THE salary cap system is set for a state-wide reboot to tackle the issue of escalating player payments in community football leagues.
A framework to address rapidly growing payments was put forward by an AFL Victoria working party – established last year to examine the issue – at the AFL Victoria Community Leagues Conference.
The plan is still in development, but contains three major elements: a state-wide salary cap with specific limits for each league, equalisation provisions to support implementation and an appropriate enforcement policy.
Guidelines to be trialled in metropolitan and country leagues next season are expected to be announced prior to Christmas, with a state-wide rollout slated for 2016.
A working party survey of 369 clubs across Victoria revealed 83 per cent backed an AFL Victoria-led state-wide solution, and more than half supported the implementation of a state-wide salary cap, “despite acknowledging that such a measure creates enforcement challenges”.
AFL Gippsland region manager Travis Switzer said policing a salary cap would always pose a challenge, irrespective of what system was put in place.
“That’s the biggest issue we’re faced with and we’ve got to work our way around that,” he said,
“We’ve had a lot of feedback from Gippsland clubs that are, I guess, a little bit hesitant to think that a new salary cap system would work because of that issue.”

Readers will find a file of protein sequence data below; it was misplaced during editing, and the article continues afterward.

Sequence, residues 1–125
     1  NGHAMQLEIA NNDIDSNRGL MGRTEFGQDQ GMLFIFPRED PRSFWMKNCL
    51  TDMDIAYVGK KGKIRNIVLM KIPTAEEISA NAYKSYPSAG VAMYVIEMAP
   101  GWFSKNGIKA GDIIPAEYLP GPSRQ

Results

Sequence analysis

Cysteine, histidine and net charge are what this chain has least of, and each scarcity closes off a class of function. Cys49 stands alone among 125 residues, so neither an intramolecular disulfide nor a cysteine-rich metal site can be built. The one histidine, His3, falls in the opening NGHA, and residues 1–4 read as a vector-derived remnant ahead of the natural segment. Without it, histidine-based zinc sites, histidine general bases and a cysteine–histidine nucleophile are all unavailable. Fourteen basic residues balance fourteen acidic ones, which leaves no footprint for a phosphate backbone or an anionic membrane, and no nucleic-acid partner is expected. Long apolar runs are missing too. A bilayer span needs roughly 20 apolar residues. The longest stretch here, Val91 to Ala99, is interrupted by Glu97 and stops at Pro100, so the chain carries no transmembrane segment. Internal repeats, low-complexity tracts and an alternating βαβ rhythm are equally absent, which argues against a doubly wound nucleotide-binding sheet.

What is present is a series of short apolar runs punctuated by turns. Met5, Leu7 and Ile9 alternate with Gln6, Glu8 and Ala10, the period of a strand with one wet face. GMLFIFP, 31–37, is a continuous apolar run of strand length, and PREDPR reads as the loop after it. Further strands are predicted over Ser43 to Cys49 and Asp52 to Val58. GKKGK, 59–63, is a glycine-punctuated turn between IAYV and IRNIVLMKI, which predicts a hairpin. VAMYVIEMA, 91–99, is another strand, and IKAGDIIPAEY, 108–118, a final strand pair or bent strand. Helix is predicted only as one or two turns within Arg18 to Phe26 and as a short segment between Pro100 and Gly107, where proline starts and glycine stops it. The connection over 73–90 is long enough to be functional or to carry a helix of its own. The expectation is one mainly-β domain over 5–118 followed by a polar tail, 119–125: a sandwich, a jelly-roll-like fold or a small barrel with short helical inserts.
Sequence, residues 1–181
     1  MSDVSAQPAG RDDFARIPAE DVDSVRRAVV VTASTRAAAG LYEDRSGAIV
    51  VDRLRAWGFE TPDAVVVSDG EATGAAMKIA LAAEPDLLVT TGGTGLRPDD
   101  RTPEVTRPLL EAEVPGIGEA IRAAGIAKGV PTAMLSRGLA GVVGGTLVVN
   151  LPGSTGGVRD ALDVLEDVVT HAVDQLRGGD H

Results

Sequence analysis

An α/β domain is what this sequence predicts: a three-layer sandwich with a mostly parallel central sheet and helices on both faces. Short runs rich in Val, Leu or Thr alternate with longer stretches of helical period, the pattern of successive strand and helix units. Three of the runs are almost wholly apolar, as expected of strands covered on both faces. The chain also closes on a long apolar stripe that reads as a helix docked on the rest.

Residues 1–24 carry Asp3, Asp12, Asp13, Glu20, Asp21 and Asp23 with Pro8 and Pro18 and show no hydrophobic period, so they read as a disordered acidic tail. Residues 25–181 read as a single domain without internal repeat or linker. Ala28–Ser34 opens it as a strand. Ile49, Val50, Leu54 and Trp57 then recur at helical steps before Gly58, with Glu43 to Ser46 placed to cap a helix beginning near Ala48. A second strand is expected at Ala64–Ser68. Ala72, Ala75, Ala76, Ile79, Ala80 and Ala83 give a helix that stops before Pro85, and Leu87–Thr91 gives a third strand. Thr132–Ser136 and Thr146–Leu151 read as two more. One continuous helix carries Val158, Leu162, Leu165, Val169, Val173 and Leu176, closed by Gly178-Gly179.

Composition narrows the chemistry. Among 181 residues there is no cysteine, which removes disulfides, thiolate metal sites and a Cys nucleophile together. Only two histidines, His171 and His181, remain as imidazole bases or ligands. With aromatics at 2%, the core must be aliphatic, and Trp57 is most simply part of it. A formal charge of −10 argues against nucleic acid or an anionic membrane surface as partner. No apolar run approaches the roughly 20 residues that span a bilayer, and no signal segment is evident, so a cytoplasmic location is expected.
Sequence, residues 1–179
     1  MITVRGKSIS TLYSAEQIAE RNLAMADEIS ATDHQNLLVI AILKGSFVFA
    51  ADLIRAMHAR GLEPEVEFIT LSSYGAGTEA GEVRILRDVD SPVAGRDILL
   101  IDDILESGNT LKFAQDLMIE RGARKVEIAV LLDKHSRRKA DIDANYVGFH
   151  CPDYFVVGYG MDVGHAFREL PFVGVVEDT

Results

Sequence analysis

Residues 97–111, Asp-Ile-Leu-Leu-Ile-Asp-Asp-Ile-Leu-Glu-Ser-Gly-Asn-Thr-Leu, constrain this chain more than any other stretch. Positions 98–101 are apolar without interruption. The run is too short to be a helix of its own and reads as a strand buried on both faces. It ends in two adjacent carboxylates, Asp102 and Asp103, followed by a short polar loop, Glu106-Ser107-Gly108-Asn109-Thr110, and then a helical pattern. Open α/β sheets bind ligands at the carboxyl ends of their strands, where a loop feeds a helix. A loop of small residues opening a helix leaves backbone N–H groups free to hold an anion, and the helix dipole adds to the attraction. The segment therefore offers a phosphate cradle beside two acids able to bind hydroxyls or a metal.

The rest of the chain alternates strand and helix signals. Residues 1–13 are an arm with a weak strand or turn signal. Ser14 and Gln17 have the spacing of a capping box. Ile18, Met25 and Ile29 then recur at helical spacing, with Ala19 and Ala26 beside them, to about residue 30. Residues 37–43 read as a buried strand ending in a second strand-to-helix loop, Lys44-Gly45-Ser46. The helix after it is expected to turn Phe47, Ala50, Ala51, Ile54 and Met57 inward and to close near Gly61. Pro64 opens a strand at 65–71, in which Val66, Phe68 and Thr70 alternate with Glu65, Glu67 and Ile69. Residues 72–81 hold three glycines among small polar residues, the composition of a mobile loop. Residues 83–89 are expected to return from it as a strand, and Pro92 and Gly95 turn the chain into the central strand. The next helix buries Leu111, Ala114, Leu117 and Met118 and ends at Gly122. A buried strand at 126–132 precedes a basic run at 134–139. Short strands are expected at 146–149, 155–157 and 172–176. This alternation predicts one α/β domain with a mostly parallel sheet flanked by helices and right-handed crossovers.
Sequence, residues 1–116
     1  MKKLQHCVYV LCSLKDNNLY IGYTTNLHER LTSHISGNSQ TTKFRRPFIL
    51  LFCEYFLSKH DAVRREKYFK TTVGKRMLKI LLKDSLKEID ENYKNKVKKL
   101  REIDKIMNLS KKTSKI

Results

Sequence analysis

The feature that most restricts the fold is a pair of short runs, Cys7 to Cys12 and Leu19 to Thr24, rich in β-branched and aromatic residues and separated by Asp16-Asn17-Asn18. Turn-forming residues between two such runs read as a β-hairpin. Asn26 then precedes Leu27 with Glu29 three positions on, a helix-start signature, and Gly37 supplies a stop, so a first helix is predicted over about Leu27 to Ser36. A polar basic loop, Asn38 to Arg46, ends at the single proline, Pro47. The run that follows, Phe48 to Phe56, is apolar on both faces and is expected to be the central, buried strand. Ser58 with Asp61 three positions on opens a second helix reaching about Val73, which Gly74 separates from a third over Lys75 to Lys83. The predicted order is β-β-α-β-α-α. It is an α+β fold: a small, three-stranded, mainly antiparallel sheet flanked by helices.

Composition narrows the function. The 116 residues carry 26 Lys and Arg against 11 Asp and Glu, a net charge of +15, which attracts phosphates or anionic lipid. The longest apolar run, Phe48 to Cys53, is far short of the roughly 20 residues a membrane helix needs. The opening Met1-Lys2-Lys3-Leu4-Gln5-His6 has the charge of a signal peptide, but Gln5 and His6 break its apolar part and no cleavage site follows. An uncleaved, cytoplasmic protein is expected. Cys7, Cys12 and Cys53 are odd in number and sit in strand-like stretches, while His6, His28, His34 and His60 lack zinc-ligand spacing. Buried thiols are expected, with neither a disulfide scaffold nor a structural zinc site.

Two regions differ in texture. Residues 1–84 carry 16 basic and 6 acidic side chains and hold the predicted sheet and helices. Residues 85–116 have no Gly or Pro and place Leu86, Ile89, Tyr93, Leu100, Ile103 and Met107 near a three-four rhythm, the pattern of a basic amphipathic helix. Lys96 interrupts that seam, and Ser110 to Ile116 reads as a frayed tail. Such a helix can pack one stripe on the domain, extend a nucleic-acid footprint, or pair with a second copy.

While the finer details are yet to be determined, Switzer said measures were being considered by AFL Victoria for improved enforcement.
“There might be things like spot audits, at the end of the day the clubs are singing out loud and clear that this is what they want to happen, so really the clubs and the players have to take some ownership as well,” he said.
“That might mean they have to change the way they do their business for the greater good for sustainability of their own club as well as sustainability of Gippsland footy.”
Switzer suggested heavy penalties would likely be applied to any clubs acting outside the salary cap as a stern deterrent.
AFL Victoria general manager Steven Reaper said league chief executives and regional development managers had been asked to consider salary cap ranges for their respective competitions and how leagues, commissions and clubs could assist with adherence to such a system.
Recommendations will be taken into consideration for guidelines to be tested in select leagues, without enforcement provisions, in 2015.
“The working party agrees that any salary cap mechanism needs to be tailored for specific regions to incorporate demographic and geographical challenges faced by individual leagues across the state,” Reaper said.
“It also understands a salary cap needs to be supported by other measures, such as a player points system or an alternative equalisation provision, to have the desired impact on escalating player payments, and must also be enforceable.”
Player points systems already exist in the North Gippsland, Mid Gippsland and Gippsland Leagues.
Switzer said the commission would now discuss the proposal with clubs locally to determine whether the region would take part in trials next year.
“I’d say there’ll be some sort of trial in Gippsland next year… it won’t be enforceable, it will be more an education process,” he said.
Changes to the current national transfer regulations that better reflect standard contract expiry dates are also being proposed.
The suggested change would allow more timely transfers of players during the off-season once they signed with a club.